"Monday burn Millay, Wednesday Whitman, Friday Faulkner, burn 'em to ashes, then burn the ashes. That's our official slogan."
--Ray Bradbury, "Fahrenheit 451"
"When I look at books, I see an outdated technology, like scrolls before books."
--James Tracy, headmaster, Cushing Academy
Without a Gibbon to record the decline and fall of a civilization in proper detail and literary fashion, a few scattered notes on the continuing collapse may have to do. Perhaps these will be of use to some future archaeologist digging through the electronic junkyard that will prove our civilization's equivalent of Roman ruins. Buried somewhere in the vast pile of old Fax machines, laptops and iPhones, this little news item may help explain how we came a-cropper:
In Ashburnham, Mass., in once proud New England, land of the Pilgrims and Puritans, of iron-hard Adamses and dreamy Emersons, a prep school has just given up on books. The headmaster of Cushing Academy, one James Tracy, doesn't see any need for them. Not any more. Anybody who's anybody or wants to be now has an iPhone with apps, a Kindle or whatever the Next Big Thing turns out to transiently be. Who needs books?
To quote this very model of the modern headmaster: "When I look at books, I see an outdated technology, like scrolls before books."
There you have another sign of the shiny, color-coded cultural Apocalypse, one of the many such signs all around if we weren't too busy googling to notice them. The barbarians are not just at the gates but deep within the citadel -- at the head of the very schools entrusted with passing on the heritage of the past. How the mighty have fallen.
There are still those of us who see something other than an outdated technology when we look at books -- like a great store of value, the very currency of knowledge, of wisdom and of whatever of virtue may be taught by the written word.
"There are only a few of us left," as an old lawyer out of Mississippi named Billy Moore Clark, pronounced Billy Mo' Cla'k in these latitudes, used to confide when in his cups and sighing for the days of a lost grace.
We happy few can only respond to Headmaster Tracy's view with a slow, sad shake of the head. For what other response would be more fitting when confronted by someone so blind to the use and beauty of books, so immune to their charm, so impervious to the spell they cast, so cut off from the delight of not just reading but experiencing a great book?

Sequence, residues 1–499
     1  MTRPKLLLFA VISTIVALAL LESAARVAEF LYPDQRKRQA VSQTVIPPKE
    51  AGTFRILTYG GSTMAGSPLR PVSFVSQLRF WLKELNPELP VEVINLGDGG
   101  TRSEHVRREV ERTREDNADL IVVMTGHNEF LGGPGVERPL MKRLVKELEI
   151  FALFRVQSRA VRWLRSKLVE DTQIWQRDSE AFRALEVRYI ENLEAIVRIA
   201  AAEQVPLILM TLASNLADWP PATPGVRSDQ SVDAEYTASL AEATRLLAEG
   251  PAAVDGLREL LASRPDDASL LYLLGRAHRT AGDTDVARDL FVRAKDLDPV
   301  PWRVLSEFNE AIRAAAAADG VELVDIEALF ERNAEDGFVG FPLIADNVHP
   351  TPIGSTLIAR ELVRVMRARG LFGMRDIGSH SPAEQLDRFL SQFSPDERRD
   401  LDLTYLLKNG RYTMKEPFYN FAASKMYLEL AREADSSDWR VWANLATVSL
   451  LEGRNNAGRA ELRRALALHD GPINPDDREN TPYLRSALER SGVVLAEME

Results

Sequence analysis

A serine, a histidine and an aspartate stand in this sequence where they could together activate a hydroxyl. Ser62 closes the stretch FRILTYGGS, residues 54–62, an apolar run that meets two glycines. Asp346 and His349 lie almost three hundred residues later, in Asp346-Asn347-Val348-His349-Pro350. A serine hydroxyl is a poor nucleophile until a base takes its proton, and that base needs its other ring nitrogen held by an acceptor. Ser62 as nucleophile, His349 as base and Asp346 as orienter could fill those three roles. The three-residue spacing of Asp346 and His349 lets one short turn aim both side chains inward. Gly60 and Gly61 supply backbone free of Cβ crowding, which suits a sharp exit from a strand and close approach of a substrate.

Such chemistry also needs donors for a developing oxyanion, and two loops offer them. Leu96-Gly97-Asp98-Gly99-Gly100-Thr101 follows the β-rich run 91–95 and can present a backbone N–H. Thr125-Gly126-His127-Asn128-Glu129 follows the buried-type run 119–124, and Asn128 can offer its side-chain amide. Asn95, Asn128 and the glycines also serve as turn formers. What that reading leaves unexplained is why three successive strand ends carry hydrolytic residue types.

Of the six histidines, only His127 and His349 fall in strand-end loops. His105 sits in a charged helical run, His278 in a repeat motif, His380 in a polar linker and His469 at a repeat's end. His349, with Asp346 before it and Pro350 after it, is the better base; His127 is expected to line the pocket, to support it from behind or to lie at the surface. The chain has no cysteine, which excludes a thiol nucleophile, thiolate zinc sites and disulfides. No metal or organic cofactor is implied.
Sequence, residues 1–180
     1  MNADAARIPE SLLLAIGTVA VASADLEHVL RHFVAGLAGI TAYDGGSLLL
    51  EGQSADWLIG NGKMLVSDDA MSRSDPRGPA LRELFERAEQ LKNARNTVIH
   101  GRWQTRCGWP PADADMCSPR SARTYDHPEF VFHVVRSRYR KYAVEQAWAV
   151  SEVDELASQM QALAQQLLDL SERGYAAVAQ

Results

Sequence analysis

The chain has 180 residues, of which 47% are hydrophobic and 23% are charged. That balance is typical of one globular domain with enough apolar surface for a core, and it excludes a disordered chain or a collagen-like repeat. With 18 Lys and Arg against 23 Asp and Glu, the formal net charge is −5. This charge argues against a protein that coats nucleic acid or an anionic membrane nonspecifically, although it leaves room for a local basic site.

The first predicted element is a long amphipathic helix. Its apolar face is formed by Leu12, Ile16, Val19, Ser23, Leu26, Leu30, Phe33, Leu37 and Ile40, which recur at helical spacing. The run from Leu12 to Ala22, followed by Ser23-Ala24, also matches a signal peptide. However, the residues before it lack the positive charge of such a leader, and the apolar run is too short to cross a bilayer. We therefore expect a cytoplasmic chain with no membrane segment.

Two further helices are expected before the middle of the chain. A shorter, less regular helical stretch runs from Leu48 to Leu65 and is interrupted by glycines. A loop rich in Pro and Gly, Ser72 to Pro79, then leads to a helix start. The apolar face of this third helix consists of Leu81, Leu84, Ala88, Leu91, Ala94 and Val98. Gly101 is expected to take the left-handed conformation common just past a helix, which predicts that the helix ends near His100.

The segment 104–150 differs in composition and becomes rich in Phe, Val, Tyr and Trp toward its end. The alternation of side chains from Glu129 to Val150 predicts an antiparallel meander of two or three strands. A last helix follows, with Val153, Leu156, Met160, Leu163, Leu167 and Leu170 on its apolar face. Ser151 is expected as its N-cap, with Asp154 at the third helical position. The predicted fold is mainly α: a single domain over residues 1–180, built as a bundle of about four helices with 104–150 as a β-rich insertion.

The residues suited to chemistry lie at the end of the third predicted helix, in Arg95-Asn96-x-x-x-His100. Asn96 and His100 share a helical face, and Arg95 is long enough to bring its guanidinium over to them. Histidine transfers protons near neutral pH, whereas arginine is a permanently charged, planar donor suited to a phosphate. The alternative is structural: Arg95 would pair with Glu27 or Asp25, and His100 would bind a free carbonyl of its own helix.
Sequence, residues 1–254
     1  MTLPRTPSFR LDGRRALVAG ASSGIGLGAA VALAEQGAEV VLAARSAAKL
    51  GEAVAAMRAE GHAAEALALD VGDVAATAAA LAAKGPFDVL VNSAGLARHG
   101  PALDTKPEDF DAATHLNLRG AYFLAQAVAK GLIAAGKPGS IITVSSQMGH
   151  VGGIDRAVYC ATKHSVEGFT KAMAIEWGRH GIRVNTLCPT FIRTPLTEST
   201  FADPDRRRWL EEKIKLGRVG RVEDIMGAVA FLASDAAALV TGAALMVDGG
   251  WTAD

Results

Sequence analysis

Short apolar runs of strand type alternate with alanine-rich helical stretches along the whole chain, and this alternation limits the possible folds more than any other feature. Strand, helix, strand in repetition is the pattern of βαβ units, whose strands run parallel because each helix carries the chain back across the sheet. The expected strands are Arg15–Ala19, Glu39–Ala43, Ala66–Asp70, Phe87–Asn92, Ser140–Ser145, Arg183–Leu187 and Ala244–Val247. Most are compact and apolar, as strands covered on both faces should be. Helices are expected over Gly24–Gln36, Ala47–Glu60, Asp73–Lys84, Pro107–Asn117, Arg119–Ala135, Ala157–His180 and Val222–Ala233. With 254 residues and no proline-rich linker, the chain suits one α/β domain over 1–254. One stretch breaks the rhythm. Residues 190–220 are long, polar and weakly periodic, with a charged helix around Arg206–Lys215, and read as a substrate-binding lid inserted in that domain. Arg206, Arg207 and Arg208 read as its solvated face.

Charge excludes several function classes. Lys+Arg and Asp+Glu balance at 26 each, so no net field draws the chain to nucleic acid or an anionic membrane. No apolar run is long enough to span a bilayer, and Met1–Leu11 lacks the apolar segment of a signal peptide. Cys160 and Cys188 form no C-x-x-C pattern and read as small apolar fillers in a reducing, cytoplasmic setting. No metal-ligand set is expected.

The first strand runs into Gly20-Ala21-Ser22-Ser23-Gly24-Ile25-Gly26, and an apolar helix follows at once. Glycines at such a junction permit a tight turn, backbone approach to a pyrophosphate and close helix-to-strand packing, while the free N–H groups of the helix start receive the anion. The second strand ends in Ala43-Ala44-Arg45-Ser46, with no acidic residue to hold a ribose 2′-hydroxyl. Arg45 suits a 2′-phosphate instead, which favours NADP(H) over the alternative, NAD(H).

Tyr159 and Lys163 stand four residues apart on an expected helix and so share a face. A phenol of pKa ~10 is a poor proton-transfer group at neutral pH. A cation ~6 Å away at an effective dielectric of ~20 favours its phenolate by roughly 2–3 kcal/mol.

The headmaster would prefer to be stared down by some electronic simulacrum that wearies the eyes, mind and patience. Sad doesn't begin to describe his handicap. Which he seems determined to pass on to his poor students.
The headmaster's low opinion of books may be only the first wave of a bleak future. How long before booklovers will have to gather secretly in whatever passes for catacombs nowadays to pore over their favorite volumes, savor the scent of printer's ink on freshly printed pages, know the assurance of sturdy bindings and sense the promise a real book holds for each successive reader?
How long before the world is divided between book people and those who, like the contemptuous headmaster, dismiss books as holdovers from an earlier, primitive time? Now we have a new god: Deus ex Machina. How long before, as in Ray Bradbury's "Fahrenheit 451," those who still treasure books will be treated as suspect, outcasts, rejects?
The headmaster is nothing if not sincere, more's the pity. For his comments are matched by actions that would credit a vandal: He's getting rid of his academy's library of some 20,000 volumes, which are to be replaced by a $500,000 "learning center" full of flat-screen telemonitors, laptop-friendly carrels, and various other electronic gotta-haves that will soon enough be outdated in technology's rush to obsolescence.
It was not enough for Headmaster Tracy to dismiss the book with a heedless comment; he had to insult the scroll, too: "When I look at books, I see an outdated technology, like scrolls before books." Hard as it is to believe in this oh-so-advanced age, there is still an obscure religious sect that gathers on each of its sabbaths to read from such a scroll. The prophet of another faith even referred to its adherents as the People of the Book.
The scroll they read is handwritten with fear and reverence, blessings and recitations, each word recorded on parchment by a learned scribe who has spent years in preparation for his task. Written in an ancient tongue called Hebrew, the scroll is said to open a whole universe of thought and revelation. To those who hold fast to it, they say, it is a tree of life. Its teachings, they claim, are inexhaustible. But the headmaster would seem to have even less use for scrolls than he does books. Man's ignorance, and his pride in it, appears to be inexhaustible, too.
I learned of this latest attack in the ongoing war on books via my favorite little magazine, The New Criterion, whose department of Notes and Comments regularly reports on these brittle post-cultural times. It watches for such inauspicious signs with the sharp eye of a lookout on the bridge of the Titanic. I tend to save my copies, lest I miss a single report on the continuing collapse of Western civilization. So I can remember what it was.